Ever found yourself in a grocery aisle stymied over competing labels and claims, wondering which food is the best buy for you? Good news - help is here! And regardless of how much you know about the healthiness of food, Stefanie Sacks' astoundingly helpful new book has something for you.
Like salt and black pepper, you probably reach for cooking oil for just about every meal you make. But have you ever wondered about the history of your canola oil, or what makes fancy extra virgin olive oil so expensive? Or what the heck margarine really is? Read on for all of this and more.
The new Dirty Dozen Guide to Food Additives from the Environmental Working Group spills the beans about what has been added to your food that isn't food.
Ever read a label on a package of food and realize that you still don't really know what you're buying? To help take the guesswork out of shopping and bring more transparency to your grocery basket, the Environmental Working Group developed a unique online tool called Food Scores - try it today!
How do officers of publicly traded pharmaceutical companies reconcile protecting vital antibiotic drugs with their corporate responsibility to boost market share and profitability? Andrew Gunther of Animal Welfare Approved says they don't, and the current federal-industry pact won't stop the ongoing abuse of antibiotics in farming.
For pregnant and nursing mothers, eating more fish is something that the FDA specifically recommends. To lots of people, "fish" equals tuna. It's canned. It's cheap. It's easy. But new analysis from Consumer Reports concludes that tuna's high levels of mercury outweigh its potential benefits for expecting mothers.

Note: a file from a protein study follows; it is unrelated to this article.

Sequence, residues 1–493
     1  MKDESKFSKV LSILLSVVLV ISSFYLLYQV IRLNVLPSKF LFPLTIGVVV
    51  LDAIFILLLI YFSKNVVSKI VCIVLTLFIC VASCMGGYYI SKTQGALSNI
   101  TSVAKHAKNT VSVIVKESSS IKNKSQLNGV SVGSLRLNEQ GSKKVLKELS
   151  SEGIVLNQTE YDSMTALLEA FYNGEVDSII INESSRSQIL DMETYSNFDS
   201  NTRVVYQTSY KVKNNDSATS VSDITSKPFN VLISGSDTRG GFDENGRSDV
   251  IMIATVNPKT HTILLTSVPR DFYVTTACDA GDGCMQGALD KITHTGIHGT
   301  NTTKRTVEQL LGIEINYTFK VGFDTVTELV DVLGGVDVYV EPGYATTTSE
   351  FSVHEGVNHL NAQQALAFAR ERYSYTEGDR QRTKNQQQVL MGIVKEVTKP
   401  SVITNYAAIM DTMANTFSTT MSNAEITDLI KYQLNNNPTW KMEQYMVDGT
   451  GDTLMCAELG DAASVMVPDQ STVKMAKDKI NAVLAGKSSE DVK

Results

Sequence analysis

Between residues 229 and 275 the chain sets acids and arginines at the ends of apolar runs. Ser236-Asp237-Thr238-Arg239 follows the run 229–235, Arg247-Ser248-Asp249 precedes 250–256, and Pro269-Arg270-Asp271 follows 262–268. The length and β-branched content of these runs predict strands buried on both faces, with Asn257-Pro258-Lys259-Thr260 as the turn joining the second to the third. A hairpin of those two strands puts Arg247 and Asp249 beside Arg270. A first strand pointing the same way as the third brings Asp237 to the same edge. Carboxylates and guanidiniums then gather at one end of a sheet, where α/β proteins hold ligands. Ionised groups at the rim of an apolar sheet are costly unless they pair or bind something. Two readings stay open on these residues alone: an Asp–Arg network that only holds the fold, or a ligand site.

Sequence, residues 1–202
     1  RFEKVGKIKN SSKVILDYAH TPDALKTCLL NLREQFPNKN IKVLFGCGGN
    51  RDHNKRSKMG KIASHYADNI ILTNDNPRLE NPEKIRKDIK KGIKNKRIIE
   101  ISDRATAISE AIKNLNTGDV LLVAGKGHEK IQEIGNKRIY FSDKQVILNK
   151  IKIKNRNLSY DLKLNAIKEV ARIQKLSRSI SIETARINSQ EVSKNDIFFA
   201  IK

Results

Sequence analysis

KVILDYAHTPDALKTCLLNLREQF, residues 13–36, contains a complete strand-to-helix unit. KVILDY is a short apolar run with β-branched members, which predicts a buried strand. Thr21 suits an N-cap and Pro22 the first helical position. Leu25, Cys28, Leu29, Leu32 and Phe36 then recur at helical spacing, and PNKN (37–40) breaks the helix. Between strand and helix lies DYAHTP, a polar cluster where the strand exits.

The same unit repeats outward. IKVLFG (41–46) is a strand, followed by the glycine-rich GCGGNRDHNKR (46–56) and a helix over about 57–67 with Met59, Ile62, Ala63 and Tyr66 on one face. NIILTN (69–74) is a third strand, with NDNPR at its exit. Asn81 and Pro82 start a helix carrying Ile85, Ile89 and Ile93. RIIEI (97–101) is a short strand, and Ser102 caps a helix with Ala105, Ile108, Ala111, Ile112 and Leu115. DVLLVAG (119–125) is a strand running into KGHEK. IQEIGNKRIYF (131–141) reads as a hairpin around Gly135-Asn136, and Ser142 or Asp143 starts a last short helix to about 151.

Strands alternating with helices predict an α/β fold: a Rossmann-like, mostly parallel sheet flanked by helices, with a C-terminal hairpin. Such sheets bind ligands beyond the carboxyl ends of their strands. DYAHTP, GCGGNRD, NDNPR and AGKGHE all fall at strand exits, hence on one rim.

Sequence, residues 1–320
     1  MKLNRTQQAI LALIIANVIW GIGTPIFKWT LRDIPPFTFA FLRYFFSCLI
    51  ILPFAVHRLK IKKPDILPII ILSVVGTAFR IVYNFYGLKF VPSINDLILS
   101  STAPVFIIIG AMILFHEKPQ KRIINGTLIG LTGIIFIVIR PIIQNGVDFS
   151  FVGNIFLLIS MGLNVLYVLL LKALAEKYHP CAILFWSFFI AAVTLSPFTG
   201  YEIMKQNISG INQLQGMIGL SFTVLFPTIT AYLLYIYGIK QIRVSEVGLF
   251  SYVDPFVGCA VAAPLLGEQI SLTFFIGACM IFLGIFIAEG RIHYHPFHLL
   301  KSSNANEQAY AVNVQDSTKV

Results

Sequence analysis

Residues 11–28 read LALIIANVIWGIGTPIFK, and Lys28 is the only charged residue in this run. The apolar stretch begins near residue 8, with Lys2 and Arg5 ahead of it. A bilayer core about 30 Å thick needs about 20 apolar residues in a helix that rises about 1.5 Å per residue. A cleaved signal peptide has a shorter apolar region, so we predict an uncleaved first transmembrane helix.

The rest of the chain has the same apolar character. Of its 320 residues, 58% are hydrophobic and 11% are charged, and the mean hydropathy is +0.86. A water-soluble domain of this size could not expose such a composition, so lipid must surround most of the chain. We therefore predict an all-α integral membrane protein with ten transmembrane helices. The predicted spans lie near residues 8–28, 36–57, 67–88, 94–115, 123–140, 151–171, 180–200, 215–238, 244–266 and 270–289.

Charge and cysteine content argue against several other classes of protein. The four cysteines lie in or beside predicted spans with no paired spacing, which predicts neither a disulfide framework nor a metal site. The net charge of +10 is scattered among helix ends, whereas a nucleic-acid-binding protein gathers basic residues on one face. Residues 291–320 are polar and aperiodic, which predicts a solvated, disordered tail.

Salmon is an ancient creature that has sustained civilizations throughout the ages, but in just the past hundred-plus years, this majestic elder of the sea has been taken for granted, exploited, depleted and endangered. Whatever you know about salmon, there is more to the story.
In a recent Heroic Endeavors feature, we interviewed Sharon Feuer Gruber and Wendy Stuart of the Wide Net project. The conversation ranged from marketing invasive fish species to nutrition to the current state of our food system. We liked Sharon and Wendy so much that we decided to run the rest of the interview we had with them!
Papaya is a polarizing fruit. You either love the creamy cross between a mango and a squash or are totally grossed out by the flavor. It may not be the world's most popular tropical fruit, but it's definitely giving mango and pineapple a run for their money.
Happy birthday to us! A look back at the past two years in Real Food, our ongoing series on seasonal food, featuring cooking tips, nutritional profiles, historic and cultural background, and important information - including the environmental impact - about how each is cultivated.
The Environmental Working Group released a new report about the sugar content of children's cereals, revealing that sugar levels are still much too high.
The WHO has released a landmark, 256-page report warning that the world may be headed for a post-antibiotic era. According to the CDC, two-thirds of patients afflicted by a recent Salmonella outbreak linked to Foster Farms tested resistant to one or more antibiotics.
At long last, spring is in the air! Time to change out sweaters and heavy jackets for something lighter. Time to open the windows and let in a little fresh air. Time to change from heavy winter foods to lighter fare. And a great time to sustainably spring clean the kitchen!
Millet -- it's not just for birds! How did this ancient crop become synonymous with birdseed in the United States? And how did a plant once revered by the Chinese fall into obscurity? Thanks to millet's resistance to drought in an era of shifting climate, it's a grain to be rediscovered.
You can sprout (and eat) just about any seed. Whether you're sprouting at home or heading to the farmers market, sprouts are an early cure for that on-coming itch for spring green.
Chip and Sophia hang out with one of his cows and we find out what's behind his passion for sustainable ag and farming. But will good food advocates be able to stop Animoil's Mega Farm? And does Buck Marshall root for the machines when he watches The Matrix?